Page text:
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Write your scripts in Swift with Beak

It’s a smart and simple way to run code by function.

Paul Hudson       @twostraws

If you’re visiting here it’s because you’re already sold on Swift as a great language for apps, but have you ever considered using it for scripting? If not, a new GitHub project from Yonas Kolb is here to convince you otherwise: it’s called Beak and it lets your run Swift code straight from the command line.

To get started, run these three commands from your Mac’s terminal:

git clone https://github.com/yonaskolb/Beak.git
cd Beak
swift run beak run install

That builds and installs Beak, which means it’s ready to run any Swift scripts you need.

Let’s try it out now. Create a new Swift file on your desktop called factors.swift and give it this content:

import Foundation

public func calculate() {
    let number = 100
    let factors = (1...number).filter { number % $0 == 0 }
    print(factors.reduce("Factors: ") { $0 + String($1) + " " })
}

That creates a single function called calculate(), which creates an array of numbers that divide equally into 100, then prints them out as a single string.

To run that using Beak you need to write a command that does the following:

  • Specifies factors.swift as its input filename.
  • Tells it to run a single function from the file.
  • Provides the function name to run.

Run this command now:

beak --path factors.swift run calculate

You specify the function name you want to run, so a single Swift script can contain as many related functions as you want.

As well as run you can also use list to show the list of available functions:

beak --path factors.swift list

That will show you there’s only function available, which is our calculate() function.

Tip: Beak can only see functions that are marked as public. If you want a function for internal use only – i.e., not exposed by the list command – just don’t declare it as public.

Right now our function uses a hard-coded input value, but Beak can process arguments from the command-line and convert them into function arguments.

Try changing the function to this:

public func calculate(number: Int) {
    let factors = (1...number).filter { number % $0 == 0 }
    print(factors.reduce("Factors: ") { $0 + String($1) + " " })
}

When using the calculate() method now, you need to run it like this:

beak --path factors.swift run calculate --number 1000

Now that we have a command that takes input, you might want to try using the “function” option for Beak, which provides more details on a specific function. For example:

beak --path factors.swift function calculate

That will say calculate() takes one argument called number, which is an Int. However, if you want more useful output you should add some Markdown comments to your code, like this:

/// Calculates the factors for a given number
/// - Parameters:
///   - number: the input number to use
public func calculate(number: Int) {
    let factors = (1...number).filter { number % $0 == 0 }
    print(factors.reduce("Factors: ") { $0 + String($1) + " " })
}

These comments are exactly the same format used by Xcode and other Swift tools, so you should already be familiar with them – if not, now would be a good time to investigate my Pro Swift book! If you run Beak’s “function” command now you’ll get much more useful help.

At this point I hope you’re certainly curious to try Swift scripting yourself, but before we’re done I want to demonstrate one last, important feature: cleaning up the commands.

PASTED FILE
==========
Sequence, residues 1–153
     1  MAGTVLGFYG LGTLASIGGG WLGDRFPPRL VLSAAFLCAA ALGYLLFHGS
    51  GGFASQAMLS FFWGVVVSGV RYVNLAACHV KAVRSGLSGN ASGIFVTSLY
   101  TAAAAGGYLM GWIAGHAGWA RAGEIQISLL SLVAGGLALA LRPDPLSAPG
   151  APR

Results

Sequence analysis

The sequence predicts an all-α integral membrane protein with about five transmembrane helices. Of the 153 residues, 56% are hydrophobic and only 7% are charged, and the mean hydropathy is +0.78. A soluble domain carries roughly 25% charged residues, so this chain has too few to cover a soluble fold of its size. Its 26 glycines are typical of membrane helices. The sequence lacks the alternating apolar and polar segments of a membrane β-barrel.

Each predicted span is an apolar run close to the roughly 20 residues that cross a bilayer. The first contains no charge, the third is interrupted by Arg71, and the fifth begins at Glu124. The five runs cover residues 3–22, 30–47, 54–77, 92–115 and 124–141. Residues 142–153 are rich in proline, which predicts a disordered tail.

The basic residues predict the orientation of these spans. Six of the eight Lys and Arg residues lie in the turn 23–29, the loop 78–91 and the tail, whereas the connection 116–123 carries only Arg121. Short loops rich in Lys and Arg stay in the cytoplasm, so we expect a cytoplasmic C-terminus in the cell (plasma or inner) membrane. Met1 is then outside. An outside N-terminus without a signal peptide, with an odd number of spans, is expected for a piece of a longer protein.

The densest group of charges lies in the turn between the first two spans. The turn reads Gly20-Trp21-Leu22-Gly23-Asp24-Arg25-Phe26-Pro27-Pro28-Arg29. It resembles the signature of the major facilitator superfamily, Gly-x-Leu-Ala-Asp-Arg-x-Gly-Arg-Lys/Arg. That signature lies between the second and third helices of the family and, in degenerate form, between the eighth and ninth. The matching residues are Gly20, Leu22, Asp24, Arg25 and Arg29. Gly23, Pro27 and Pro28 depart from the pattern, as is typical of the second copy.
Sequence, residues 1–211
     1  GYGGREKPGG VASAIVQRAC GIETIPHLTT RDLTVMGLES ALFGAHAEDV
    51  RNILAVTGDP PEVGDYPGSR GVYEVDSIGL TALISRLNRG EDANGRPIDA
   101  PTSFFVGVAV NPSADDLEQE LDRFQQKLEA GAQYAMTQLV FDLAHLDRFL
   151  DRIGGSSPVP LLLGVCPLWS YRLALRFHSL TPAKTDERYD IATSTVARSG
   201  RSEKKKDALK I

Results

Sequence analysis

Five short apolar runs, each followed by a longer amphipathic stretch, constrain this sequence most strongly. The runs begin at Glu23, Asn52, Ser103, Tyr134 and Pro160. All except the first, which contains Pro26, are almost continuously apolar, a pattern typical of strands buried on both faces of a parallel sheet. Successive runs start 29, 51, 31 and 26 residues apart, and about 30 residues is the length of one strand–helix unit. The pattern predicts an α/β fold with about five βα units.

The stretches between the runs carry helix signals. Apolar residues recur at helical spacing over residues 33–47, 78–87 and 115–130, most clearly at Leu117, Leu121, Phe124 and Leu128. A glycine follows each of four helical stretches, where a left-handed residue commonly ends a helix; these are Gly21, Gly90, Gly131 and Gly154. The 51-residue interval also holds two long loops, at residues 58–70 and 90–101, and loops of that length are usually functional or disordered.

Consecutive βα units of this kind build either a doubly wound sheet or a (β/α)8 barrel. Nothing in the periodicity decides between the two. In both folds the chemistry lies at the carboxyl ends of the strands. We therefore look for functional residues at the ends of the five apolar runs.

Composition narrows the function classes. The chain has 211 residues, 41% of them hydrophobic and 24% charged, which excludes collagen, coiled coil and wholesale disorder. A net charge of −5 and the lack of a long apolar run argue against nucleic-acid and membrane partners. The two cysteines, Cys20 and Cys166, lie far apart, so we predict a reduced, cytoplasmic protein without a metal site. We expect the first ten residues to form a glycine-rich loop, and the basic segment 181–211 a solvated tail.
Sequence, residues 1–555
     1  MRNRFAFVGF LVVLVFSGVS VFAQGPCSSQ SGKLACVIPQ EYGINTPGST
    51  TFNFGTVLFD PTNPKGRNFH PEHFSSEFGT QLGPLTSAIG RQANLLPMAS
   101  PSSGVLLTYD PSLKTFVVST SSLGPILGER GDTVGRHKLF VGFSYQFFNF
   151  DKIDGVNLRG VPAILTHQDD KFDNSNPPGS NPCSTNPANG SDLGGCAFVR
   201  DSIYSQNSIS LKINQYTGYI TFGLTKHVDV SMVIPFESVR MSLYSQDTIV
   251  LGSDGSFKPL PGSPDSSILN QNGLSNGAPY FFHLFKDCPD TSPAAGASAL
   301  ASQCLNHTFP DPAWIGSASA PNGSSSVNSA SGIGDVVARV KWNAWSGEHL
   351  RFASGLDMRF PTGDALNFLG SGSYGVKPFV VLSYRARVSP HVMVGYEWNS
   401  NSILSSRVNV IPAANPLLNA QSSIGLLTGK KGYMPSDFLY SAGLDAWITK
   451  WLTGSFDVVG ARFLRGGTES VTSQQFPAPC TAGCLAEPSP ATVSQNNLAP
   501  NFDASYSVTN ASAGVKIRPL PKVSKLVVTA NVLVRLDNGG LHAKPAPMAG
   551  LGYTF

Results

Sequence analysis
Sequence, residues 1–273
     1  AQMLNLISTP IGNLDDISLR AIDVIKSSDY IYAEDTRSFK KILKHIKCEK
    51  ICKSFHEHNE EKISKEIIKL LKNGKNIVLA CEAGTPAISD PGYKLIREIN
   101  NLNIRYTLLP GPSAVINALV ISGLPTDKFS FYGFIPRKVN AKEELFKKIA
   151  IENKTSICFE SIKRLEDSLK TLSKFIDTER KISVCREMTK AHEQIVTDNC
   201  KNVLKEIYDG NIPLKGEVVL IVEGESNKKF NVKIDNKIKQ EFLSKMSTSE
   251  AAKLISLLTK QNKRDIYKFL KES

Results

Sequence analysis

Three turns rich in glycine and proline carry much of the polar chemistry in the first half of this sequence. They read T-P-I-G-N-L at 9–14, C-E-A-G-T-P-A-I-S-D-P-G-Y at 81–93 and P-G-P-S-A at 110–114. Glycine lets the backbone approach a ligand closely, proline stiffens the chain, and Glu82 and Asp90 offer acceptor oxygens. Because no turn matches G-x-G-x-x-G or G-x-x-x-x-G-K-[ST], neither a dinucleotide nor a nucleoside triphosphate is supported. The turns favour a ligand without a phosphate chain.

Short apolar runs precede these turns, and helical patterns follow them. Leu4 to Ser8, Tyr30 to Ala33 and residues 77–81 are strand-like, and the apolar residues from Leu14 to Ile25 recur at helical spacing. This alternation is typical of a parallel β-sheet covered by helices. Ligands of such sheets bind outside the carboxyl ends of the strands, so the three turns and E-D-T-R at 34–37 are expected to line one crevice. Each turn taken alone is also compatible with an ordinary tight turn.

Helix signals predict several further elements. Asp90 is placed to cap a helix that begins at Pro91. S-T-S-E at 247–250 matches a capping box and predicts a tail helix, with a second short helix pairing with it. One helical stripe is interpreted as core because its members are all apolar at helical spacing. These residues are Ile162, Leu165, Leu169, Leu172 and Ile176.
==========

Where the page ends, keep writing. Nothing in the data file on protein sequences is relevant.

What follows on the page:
So far we’ve been using commands like this one:

beak --path factors.swift run calculate --number 1000

While it’s certainly nice and clear, it’s also supremely clumsy. Fortunately Beak supports shebang lines, which means you can add a special line to the start of your Swift scripts that allows you to make your scripts into standalone commands.

Modify factors.swift to this:

#!/usr/bin/env beak run --path
import Foundation

/// Calculates the factors for a given number
/// - Parameters:
///   - number: the input number to use
public func calculate(number: Int) {
    let factors = (1...number).filter { number % $0 == 0 }
    print(factors.reduce("Factors: ") { $0 + String($1) + " " })
}

That first line is the shebang line: it tells Unix systems that the rest of this file should be passed to Beak as its input.

Now run this command from your terminal:

chmod a+x factors.swift

That marks factors.swift as being executable (X) for all (A) users. You can now run this instead:

./factors.swift calculate --number 100 

That’s slightly better, but now try running this command:

mv factors.swift /usr/local/bin/factors

That moves factors.swift to the directory containing your local commands, while also renaming it just to “factors”.

Now your command becomes this:

factors calculate --number 100

To make it even shorter (because why not?), you can mark the parameter as unnamed like this:

public func calculate(_ number: Int) {

(Note: make sure you edit /usr/local/bin/factors!)

Because the parameter is unnamed, you no longer need to specify --number on the command line. So, your command becomes just this:

factors calculate 100

I think you’ll agree that’s much easier to remember!

So, go and give Beak a try. Swift is slowly evolving into a full-stack language (Server-Side Swift, anyone?), and Beak is just one more great step in that direction.

Link: Beak

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About the author

Paul Hudson is the creator of Hacking with Swift, the most comprehensive series of Swift books in the world. He's also the editor of Swift Developer News, the maintainer of the Swift Knowledge Base, and a speaker at Swift events around the world. If you're curious you can learn more here.

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